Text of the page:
Everyone has an idea on how to improve the country. Some of them get thrown around in memes on the internet and shared by people who say “Great idea!” without ever thinking about what that idea really means.
Here’s one of my recent favorites:
In case you can’t read it well, it says: “I think we should have Congress take an exam on every national bill (e.g. Obamacare) to make sure they understand the bill, its positive and negative consequences, and write an essay showing their knowledge of the bill and how it affects all social classes in America. Bring in Unviersity professors to proctor and watch for cheating, and if they don’t pass the exam, they don’t get to vote on the bill.”
What a great idea! Now, how do we pick the university professors and make sure they are writing the exams fairly? Oh, I know! We’ll elect them! And then we can make sure they’re doing their job right by making them run for re-election every few years. And we can have debates and interviews so we can make an informed decision about these professors…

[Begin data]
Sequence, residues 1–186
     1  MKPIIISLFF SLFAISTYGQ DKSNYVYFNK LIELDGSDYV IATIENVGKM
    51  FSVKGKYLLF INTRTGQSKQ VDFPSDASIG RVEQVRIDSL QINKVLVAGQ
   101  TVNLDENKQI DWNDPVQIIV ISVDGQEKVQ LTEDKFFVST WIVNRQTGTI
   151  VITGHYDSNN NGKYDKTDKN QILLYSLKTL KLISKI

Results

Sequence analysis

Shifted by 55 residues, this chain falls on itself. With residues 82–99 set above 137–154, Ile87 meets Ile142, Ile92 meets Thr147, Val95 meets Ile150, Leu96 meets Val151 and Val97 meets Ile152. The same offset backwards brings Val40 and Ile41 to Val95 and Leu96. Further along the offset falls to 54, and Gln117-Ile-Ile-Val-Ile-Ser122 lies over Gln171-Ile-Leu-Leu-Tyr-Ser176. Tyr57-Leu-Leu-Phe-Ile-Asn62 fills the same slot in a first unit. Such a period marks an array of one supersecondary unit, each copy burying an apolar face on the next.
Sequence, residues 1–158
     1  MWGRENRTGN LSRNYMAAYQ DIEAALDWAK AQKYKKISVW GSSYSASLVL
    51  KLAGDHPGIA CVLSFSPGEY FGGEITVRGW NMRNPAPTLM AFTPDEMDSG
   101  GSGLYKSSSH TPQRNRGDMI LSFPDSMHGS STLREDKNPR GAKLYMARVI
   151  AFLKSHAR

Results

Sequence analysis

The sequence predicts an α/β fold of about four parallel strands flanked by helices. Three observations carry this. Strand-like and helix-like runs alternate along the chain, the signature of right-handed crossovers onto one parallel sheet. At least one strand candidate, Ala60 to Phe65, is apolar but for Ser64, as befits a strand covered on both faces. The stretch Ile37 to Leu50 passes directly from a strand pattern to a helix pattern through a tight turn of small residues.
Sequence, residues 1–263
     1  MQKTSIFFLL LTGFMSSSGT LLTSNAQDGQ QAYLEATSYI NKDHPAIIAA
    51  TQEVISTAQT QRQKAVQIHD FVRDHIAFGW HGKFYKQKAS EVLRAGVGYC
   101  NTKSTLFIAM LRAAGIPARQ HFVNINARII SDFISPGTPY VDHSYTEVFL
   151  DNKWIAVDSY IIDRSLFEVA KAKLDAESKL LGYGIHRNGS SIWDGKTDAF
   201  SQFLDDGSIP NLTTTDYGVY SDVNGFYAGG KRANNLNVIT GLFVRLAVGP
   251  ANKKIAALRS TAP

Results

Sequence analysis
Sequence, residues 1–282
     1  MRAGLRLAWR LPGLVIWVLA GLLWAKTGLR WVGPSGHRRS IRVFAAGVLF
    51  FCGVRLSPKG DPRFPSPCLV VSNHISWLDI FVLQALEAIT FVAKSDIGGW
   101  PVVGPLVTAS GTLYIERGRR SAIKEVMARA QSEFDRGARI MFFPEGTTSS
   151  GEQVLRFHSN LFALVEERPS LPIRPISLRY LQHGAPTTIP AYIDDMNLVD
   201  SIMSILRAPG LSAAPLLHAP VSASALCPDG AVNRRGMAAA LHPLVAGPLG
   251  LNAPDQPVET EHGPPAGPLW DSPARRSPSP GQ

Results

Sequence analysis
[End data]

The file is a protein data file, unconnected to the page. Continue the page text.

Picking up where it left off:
Wait a minute…
Simple solutions are often just that — simple. And often, it boils down to the most basic question in a democracy: Who decides? Who decides that they passed the exam? Who chooses the exam givers?
When people say we should limit hateful speech, the next question should be “who decides what speech is hateful?” When someone says we should use religious law in America, we should ask “Who decides which religion?” Who decides is what democracy is all about.
The bottom line to me though is that when someone demands that we allow college professors make these decisions, I’d like that person to be able to spell the word “university.”